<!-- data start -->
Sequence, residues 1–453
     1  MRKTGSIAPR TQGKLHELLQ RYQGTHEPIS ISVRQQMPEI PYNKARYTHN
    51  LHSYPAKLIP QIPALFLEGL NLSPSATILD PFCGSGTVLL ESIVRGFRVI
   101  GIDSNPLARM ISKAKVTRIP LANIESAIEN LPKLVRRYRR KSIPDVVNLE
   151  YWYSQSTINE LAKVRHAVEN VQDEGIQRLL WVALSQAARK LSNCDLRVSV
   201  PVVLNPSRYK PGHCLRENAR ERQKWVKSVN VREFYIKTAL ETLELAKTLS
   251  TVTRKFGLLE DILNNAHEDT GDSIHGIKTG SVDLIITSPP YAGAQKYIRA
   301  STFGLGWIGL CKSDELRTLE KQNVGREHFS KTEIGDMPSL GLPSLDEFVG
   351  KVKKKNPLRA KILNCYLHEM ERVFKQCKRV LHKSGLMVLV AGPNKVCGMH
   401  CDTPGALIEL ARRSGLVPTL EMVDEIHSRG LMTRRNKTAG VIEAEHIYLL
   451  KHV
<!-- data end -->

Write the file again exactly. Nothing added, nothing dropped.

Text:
Sequence, residues 1–453
     1  MRKTGSIAPR TQGKLHELLQ RYQGTHEPIS ISVRQQMPEI PYNKARYTHN
    51  LHSYPAKLIP QIPALFLEGL NLSPSATILD PFCGSGTVLL ESIVRGFRVI
   101  GIDSNPLARM ISKAKVTRIP LANIESAIEN LPKLVRRYRR KSIPDVVNLE
   151  YWYSQSTINE LAKVRHAVEN VQDEGIQRLL WVALSQAARK LSNCDLRVSV
   201  PVVLNPSRYK PGHCLRENAR ERQKWVKSVN VREFYIKTAL ETLELAKTLS
   251  TVTRKFGLLE DILNNAHEDT GDSIHGIKTG SVDLIITSPP YAGAQKYIRA
   301  STFGLGWIGL CKSDELRTLE KQNVGREHFS KTEIGDMPSL GLPSLDEFVG
   351  KVKKKNPLRA KILNCYLHEM ERVFKQCKRV LHKSGLMVLV AGPNKVCGMH
   401  CDTPGALIEL ARRSGLVPTL EMVDEIHSRG LMTRRNKTAG VIEAEHIYLL
   451  KHV